"Trumping the Superficial Loss Rule is like eating your cake and keeping it"
Portfolio Diagnostics is more than a powerful portfolio building tool. It's a tax management tool. By using it to identify similar funds, you can trump the "superficial tax rule", thus selling your investment and keeping it at the same time. Who said there is no such thing as a free lunch?
The bear market has produced once-in-a-decade tax opportunities. If you have some funds that have lost money since the date of purchase, you can crystallize your loss by selling those funds before year end. By doing that, you can realize a capital loss that you can offset against your capital gains of the same year, or if you have none, against past years'. This can reduce your tax bill or even get you a small tax refund. However, should you get rid of a good investment for the sake of earning a small tax break?
Absolutely not. As we all know, we cannot even sell a fund today and buy it back tomorrow. The taxman is well aware of this trick and has a ready rule to stop it: "the superficial loss rule". That rule stipulates that, if you sell an investment and buy it back within a month, any realized capital loss on your investment sale is deemed to be a "superficial loss" and is simply denied.
One way to work around the superficial loss rule is to sell your fund and buy a very similar one that invests in the same assets. This is very easy to do with index funds. If you have an Altamira or CIBC Canadian equity index fund, you can replace it with a Scotia or Royal Bank Canadian equity index fund. Because you are dealing with two different securities, the superficial loss rule does not apply Yet, for all intents and purposes, you are dealing with two funds that have nearly identical portfolios. Watch out for the trading costs, though, i.e. make sure the cost of replacing your fund with another does not outweigh the tax advantage.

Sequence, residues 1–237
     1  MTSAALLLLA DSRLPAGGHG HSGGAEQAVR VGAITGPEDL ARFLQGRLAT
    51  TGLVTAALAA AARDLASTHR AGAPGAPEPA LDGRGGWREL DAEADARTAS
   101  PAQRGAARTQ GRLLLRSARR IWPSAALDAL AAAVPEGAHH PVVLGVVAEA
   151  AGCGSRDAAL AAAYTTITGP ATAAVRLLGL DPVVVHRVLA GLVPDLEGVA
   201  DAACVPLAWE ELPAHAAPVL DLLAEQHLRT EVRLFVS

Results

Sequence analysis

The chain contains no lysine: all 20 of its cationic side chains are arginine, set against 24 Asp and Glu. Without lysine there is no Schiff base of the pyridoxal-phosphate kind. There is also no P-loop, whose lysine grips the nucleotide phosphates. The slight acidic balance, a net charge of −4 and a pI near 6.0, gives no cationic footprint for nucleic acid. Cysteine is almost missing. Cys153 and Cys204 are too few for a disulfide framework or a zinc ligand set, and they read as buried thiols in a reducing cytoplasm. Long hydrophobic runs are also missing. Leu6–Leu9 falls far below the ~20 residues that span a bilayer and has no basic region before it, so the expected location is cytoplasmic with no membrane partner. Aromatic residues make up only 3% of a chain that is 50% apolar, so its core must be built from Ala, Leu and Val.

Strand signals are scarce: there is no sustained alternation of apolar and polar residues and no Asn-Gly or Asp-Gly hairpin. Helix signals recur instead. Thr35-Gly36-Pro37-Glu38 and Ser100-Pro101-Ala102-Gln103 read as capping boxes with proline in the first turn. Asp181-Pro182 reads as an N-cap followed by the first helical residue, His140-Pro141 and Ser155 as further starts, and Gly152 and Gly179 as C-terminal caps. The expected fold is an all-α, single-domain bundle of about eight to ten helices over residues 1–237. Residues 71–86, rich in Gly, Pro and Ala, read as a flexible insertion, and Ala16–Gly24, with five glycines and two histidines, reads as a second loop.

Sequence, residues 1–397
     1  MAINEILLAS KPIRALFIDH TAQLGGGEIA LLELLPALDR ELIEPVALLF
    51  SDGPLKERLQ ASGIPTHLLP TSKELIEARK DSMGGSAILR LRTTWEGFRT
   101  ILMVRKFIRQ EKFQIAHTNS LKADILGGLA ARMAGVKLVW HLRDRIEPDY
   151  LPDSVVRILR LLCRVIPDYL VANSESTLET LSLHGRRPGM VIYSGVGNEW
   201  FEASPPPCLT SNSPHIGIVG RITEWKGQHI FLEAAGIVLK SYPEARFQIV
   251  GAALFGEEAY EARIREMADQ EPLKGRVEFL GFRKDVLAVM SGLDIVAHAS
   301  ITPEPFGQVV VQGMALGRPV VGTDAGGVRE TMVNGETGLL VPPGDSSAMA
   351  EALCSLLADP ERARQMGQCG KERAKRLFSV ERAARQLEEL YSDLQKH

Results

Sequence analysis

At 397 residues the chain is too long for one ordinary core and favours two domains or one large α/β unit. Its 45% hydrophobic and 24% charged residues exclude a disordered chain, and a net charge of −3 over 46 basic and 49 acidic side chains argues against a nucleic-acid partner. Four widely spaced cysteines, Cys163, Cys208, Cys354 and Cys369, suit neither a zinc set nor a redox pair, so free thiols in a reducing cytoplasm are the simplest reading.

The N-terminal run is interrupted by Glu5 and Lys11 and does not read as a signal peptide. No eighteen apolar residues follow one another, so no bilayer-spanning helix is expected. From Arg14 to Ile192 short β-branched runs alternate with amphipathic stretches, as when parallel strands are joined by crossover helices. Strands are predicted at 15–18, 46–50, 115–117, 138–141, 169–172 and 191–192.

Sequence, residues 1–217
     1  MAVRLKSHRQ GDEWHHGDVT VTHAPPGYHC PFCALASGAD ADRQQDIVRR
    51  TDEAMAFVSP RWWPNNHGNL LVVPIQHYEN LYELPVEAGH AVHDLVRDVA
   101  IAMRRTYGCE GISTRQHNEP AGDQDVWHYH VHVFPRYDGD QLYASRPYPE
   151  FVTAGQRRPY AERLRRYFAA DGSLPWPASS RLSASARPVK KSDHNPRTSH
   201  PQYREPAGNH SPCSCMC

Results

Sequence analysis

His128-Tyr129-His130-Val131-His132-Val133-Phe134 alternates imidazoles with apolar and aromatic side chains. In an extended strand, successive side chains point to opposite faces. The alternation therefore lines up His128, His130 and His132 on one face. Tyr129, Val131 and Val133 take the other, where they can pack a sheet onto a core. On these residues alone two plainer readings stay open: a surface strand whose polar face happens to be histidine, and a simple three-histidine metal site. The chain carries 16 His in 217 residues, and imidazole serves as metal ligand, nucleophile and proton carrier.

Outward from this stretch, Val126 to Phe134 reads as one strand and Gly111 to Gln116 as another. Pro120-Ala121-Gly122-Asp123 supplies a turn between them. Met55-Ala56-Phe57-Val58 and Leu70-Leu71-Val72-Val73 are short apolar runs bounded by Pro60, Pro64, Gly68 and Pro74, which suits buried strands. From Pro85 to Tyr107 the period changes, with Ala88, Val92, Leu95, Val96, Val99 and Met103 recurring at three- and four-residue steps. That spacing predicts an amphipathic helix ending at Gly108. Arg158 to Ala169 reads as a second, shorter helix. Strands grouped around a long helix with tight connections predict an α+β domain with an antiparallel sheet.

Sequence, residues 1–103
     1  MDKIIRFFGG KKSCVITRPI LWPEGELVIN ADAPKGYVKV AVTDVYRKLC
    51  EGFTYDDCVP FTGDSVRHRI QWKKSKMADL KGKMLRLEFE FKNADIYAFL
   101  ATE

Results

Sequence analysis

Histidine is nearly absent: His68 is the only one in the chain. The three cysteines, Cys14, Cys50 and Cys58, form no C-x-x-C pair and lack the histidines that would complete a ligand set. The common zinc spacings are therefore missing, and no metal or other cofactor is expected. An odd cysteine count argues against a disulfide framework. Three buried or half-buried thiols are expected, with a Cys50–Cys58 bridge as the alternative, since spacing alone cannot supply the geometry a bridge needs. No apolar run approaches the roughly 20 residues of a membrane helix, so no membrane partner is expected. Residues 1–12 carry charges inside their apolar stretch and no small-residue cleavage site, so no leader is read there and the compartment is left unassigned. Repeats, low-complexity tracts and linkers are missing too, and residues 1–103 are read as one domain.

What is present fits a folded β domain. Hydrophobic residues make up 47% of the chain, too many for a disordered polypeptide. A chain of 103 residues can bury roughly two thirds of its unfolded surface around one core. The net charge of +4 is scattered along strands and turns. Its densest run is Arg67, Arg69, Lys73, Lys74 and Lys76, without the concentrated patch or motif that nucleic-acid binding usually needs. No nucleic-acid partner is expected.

But what if you have only actively managed funds? Here is where Portfolio Diagnostics comes into play. There is no such thing as the best fund in any category. In every category, there is a handful of good funds. Most of the good funds have two or three similar funds, either within the same family or in other families. They may not be totally identical, but they may be very similar. Using the Similarity Analysis tool, you can check your fund against as many as 30 other funds within the same category. Do that and find out which funds have the highest coefficient of correlation with yours. Then, look at the holdings and see which funds have similar holdings. You may be surprized by the degree of similarity. By selling your fund and buying a similar one, you can realize your tax loss without foregoing a good investment.